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I'm quite new to physics so this question may sound dumb for many of you. But when I was learning about uniform circular motion, all sources I can find talks about centripetal acceleration, and, when multiplied by mass, the centripetal force. However, when I tried to look up centripetal velocity, I found nothing.

According to my understanding, if there's an acceleration and it's not balanced out(which it's not, because it can actually change the direction of the tangential velocity) then it must induce a velocity. If so, why doesn't the body get closer and closer toward the centre of the circle?

In projectile motion, we know that X and Y motions are unrelated and do not affect each other, could this also be the case in circular motion? The tangential velocity and the centripetal velocity(if exists) are perpendicular and therefore do not affect each other, but together they affect to direction of the body's motion. It's just that in projectile motion, the Y motion always points to the ground, causing a parabolic motion, whereas in circular motion the centripetal acceleration always changes direction(always points to the centre of circle) which is why a circular path is caused. Am I right?

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    $\begingroup$ It is useful to know the etymology of centripetal. Centrum is center and petere is seeking. And if you're traveling a circle, you aren't heading toward (seeking) the center. However, as @Guy said, there's a turning force which heads into (seeks) the center of the circle $\endgroup$ Jun 12 '20 at 21:14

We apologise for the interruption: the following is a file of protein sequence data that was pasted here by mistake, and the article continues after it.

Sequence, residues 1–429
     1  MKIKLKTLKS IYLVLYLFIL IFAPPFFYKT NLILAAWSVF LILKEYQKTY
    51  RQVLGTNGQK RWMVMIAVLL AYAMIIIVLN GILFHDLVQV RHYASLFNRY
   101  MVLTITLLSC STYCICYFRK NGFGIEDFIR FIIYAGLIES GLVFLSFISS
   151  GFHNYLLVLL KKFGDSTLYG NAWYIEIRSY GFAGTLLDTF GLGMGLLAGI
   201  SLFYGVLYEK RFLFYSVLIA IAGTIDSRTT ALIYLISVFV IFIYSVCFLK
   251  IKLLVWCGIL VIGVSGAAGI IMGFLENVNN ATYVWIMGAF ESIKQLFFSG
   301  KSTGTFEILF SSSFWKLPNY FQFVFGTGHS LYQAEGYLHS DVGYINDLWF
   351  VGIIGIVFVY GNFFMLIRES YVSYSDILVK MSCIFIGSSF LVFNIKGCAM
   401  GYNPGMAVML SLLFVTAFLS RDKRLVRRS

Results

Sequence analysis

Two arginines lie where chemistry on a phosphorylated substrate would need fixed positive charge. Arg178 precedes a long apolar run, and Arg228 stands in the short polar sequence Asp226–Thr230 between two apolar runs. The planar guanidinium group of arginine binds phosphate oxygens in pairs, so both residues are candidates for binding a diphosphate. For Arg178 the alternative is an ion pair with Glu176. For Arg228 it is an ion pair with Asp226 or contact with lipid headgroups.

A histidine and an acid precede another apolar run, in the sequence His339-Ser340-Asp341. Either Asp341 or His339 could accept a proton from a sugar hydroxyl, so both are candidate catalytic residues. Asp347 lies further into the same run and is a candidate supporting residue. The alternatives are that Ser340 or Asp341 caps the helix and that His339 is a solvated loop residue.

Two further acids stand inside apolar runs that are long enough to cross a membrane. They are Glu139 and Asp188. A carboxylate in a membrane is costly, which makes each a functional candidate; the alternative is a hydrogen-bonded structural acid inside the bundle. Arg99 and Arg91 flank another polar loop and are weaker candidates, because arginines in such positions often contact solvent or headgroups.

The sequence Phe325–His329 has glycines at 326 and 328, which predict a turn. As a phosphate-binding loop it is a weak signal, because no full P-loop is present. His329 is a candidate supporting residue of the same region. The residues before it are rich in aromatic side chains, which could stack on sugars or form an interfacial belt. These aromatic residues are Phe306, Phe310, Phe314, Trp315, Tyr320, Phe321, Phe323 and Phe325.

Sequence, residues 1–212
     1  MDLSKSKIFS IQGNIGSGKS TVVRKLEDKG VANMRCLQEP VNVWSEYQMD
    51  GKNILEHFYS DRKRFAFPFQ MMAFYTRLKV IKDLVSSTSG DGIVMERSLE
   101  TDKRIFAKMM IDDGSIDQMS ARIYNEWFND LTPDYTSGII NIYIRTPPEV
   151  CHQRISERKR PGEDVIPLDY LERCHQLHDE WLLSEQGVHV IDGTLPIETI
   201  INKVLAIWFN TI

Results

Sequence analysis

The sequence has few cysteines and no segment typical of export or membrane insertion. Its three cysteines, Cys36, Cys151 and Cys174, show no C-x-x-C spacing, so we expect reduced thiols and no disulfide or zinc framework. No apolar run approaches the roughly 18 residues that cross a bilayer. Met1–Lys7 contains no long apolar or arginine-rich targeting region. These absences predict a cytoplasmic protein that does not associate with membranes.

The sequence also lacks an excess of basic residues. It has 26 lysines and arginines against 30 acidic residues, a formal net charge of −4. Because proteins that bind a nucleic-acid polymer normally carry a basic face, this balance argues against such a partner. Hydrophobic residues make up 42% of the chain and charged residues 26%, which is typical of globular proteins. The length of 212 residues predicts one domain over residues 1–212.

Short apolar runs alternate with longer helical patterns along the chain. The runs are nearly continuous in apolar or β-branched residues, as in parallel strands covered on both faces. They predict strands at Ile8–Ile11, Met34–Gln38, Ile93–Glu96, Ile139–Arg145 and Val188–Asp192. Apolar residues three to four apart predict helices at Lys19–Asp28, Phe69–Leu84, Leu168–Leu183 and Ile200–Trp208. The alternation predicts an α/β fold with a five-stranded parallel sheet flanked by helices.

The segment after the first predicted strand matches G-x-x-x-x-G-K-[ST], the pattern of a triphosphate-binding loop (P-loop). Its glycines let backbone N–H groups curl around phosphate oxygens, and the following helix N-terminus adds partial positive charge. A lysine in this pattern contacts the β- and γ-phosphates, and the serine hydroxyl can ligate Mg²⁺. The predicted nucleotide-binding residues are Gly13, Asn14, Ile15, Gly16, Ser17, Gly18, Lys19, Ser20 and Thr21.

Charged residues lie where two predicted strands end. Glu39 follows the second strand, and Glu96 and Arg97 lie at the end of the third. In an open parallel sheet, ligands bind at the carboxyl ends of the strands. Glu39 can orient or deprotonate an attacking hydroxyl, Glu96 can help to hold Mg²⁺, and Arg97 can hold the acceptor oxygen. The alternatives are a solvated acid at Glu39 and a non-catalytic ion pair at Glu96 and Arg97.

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Centripetal force always points radially inwards. But the object is always moving tangentially. Thus, the force vector is acting at right angles to the velocity vector. In this situation, there is no force acting in the direction of its velocity so its speed does not increase. Instead it accelerates sideways. This causes all the vectors to rotate.

Circular motion is a condition of constant radial acceleration. If there were such a thing as centripetal velocity it would accumulate over time and approach infinity. Fortunately, there is no such thing and speed remains constant.

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  • $\begingroup$ This doesn't disprove the existence of a centripetal velocity being balanced out by a centrifugal velocity, perpendicular to the tangent and always pointing away from the center, alongside a centrifugal acceleration which is unbalanced by a much larger centripetal acceleration. This'd allow for the existence of centripetal acceleration and force, but centripetal velocity and momentum would always be equal to zero. $\endgroup$
    – DonielF
    Jul 28 '20 at 0:30
  • $\begingroup$ @DonielF You cannot disprove the existence of anything, not even of the Flying Spaghetti Monster. Discussing hypothetical opposites is metaphysics, not physics. $\endgroup$ Jul 28 '20 at 7:54
  • $\begingroup$ There is no obvious reason why centripetal velocity "would accumulate over time and approach infinity". But if there was non-zero centripetal velocity, the distance of the particle from the center would be changing, and that is not uniform circular motion. $\endgroup$
    – alephzero
    Oct 15 '20 at 1:14

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